5. An electrical humudity-sensing unit of the resistance type comprising a relatively flat, sleeve-like housing of insulating material formed with opposing internal grooves at its opposite side portions, respective conductive leaf springs disposed longitudinally in said grooves substantially parallel to the major walls of the housing, at least one of said major walls being formed between said grooves with an internal channel to allow air to move longitudinally through the housing, respective terminal elements electrically connected to the leaf springs and extending outside the housing, and a relatively flat rigid body of humidity-sensitive resistance material disposed in said housing, said last-named body having substantially parallel opposite side edges and being of suflicient Width so that its side edges are slidably received in said grooves and being of suflicient thickness so that its side marginal portions are clampingly and conductively engaged by said leaf springs.

6. The structure of claim 5, and wherein said one major wall is apertured at said channel to directly expose a face of said body to the atmosphere at said one major Wall.

7. An electrical humidity-sensing unit of the resistance type comprising a relatively flat, sleeve-like housing of insulating material formed with opposing internal grooves at its opposite side portions, respective conductive leaf springs disposed longitudinally in said grooves substantially parallel to the major walls of the housing, at least one of said major walls being formed between said grooves with an internal longitudinal channel to allow air to move longitudinally through the housing, said grooves being respectively formed at their intermediate portions with recesses, respective retaining lugs formed on said leaf springs and lockingly engaging in said recesses, respective terminal conductors electrically connected to said lugs and extending outside the housing, and a relatively flat body of humidity-sensitive resistance material disposed in said housing, said last-named body being of sufiicient width so that its side edges are received in said grooves and being of suificient thickness so that its sidemarginal portions are clampingly and conductively engaged by said leaf springs.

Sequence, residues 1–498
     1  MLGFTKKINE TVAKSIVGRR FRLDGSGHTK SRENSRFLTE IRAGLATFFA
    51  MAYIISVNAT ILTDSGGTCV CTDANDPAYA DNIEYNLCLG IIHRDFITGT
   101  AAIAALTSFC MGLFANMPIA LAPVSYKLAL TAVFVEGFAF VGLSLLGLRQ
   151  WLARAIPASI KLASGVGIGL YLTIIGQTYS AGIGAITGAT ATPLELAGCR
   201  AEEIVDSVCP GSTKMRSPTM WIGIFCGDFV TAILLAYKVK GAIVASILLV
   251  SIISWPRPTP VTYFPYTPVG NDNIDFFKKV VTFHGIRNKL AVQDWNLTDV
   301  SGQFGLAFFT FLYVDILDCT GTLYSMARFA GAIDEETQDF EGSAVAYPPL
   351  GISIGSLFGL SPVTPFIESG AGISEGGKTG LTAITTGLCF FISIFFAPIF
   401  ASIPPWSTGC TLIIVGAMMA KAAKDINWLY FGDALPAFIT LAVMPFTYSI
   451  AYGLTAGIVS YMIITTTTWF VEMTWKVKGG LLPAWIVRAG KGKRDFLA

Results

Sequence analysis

8. The structure of claim 7, and wherein said one major wall is apertured at said channel to directly expose a face of said body to the atmosphere at said one major wall.

9. The structure of'claim 8, and abutment means in one end portion of the housing engageable with an end of said body to limit movement of the body toward said one end portion of the housing.

References Cited in the file of this patent UNITED STATES PATENTS 678,990 Swoboda July 23, 1901 2,047,638 Kott July 14, 1936 2,297,323 Reeo Sept. 29, 1942 2,731,586 Born Jan. 17, 1956 FOREIGN PATENTS 505,721 Canada Sept. 14, 1954

Patent Citations
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US678990 *Jan 22, 1900Jul 23, 1901Hans Otto SwobodaCut-out block.
US2047638 *Sep 1, 1934Jul 14, 1936Ion CorpHumidity measuring device
US2297323 *Sep 27, 1940Sep 29, 1942Railroad Accessories CorpLightning arrester
US2731586 *Apr 20, 1953Jan 17, 1956Maico Company IncHearing aid
CA505721A *Sep 14, 1954Cyril A HummaSafety lock plug
Referenced by
Citing PatentFiling datePublication dateApplicantTitle
US2941174 *May 15, 1959Jun 14, 1960Richards Lorenzo AElectrical sensing unit for measuring water in porous media
US3121853 *Mar 29, 1961Feb 18, 1964Torry Res StationHygrometric elements
US3914982 *Jul 6, 1973Oct 28, 1975Sina AgDevice for measuring the relative moisture of a gaseous medium or the equilibrium moisture of a material
US4525937 *Apr 27, 1984Jul 2, 1985Strandberg Engineering Laboratories, Inc.Moisture monitoring dryer control apparatus
US5781393 *Apr 16, 1996Jul 14, 1998Erico International CorporationSurge arrester
US6208233 *Mar 3, 2000Mar 27, 2001Delphi Technologies, Inc.Trim resistor connector and sensor system
Classifications
U.S. Classification338/35, 324/696, 338/226, 73/335.5
International ClassificationG01N27/12
Cooperative ClassificationG01N27/121
European ClassificationG01N27/12B